Monday, October 22, 2007

Compromises and Perfection

Life is full of them, photography too. We compromise on camera equipment - what we'd like vs. what we can afford or even size and weight - sure I'd like to use medium format digital, but they don't make the equivalent of a 70-200 lens, never mind a 17-40 or 24-105. I'd lose my 90 Ts-e and I'd need a sherpa for hauling it around if it were available.

We compromise in making compositions - we frame in the strongest way possible - not necessarily the perfect way - as we compromise on what is included - more of this comes with more of that, the latter being something I didn't want in the picture - so just where to I call it quits?

When recording the image, I'd ideally like to use multi row stitching, but that would slow me down and I'd have less time to find better pictures - so I compromise and use either single images or at most a single row for stitching.

I guess the point of this rant is that if we wait for things to be perfect, we are on a 'fools' errand' and could be missing some good images while waiting for perfection. Further, previsualization not withstanding, we can't know everything about an image before we work on it and giving ourselves a series of images, each as good as we can make it under the circumstances, instead of waiting for a single image which we think is perfect (but might not turn out to be) is a better strategy.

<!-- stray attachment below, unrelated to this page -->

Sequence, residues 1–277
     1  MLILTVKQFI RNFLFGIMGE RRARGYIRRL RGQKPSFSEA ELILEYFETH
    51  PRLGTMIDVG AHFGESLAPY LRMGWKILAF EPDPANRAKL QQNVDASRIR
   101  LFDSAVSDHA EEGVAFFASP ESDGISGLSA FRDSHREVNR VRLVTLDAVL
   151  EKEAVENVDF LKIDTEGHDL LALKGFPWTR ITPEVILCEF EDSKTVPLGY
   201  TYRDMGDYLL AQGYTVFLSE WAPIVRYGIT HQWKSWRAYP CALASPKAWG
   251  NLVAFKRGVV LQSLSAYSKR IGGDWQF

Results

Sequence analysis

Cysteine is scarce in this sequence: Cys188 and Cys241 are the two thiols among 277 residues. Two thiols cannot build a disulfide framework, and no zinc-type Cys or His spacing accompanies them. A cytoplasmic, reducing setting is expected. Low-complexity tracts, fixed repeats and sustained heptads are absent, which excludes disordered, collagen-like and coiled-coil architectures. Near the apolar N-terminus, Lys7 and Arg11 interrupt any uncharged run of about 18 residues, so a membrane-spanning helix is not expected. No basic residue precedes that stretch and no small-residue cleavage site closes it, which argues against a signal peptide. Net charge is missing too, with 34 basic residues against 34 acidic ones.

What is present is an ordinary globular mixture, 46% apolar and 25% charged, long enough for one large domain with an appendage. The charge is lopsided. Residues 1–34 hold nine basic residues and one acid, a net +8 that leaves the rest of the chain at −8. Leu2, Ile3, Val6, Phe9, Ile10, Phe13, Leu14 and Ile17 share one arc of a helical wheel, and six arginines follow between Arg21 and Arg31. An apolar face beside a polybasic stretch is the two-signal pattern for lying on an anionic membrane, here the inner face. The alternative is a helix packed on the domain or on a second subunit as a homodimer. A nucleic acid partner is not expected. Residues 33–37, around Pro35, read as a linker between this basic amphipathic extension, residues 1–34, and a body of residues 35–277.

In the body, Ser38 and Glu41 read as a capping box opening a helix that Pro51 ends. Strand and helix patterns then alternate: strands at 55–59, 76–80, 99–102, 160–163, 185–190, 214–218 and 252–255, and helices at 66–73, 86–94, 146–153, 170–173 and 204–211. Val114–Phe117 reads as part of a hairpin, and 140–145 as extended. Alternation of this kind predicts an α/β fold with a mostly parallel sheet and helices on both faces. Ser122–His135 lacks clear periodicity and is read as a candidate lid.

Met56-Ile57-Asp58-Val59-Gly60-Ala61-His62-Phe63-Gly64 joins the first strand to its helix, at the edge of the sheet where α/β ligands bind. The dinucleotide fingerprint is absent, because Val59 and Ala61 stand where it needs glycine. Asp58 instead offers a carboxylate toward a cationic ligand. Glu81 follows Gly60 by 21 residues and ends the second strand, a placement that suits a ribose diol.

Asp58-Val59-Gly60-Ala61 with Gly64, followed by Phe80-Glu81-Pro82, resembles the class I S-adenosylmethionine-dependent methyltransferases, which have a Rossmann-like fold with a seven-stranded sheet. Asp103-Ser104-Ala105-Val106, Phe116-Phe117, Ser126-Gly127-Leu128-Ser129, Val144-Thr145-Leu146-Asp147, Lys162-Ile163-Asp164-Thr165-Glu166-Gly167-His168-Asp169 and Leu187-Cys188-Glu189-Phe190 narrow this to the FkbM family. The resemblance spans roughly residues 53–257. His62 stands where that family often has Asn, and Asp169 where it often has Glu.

1 comment:

Mark said...

I know the more I work a subject, the more different aspects reveal themselves to me. So it is worth spending a little extra time with something other then the first gut feel. However, like your post suggests, how much time is too much? Will we always be waiting for some aspect or composition to be discovered? It is impossible to set a stop watch for when to move on. I suppose we just have to also go with our gut feel on when to quit!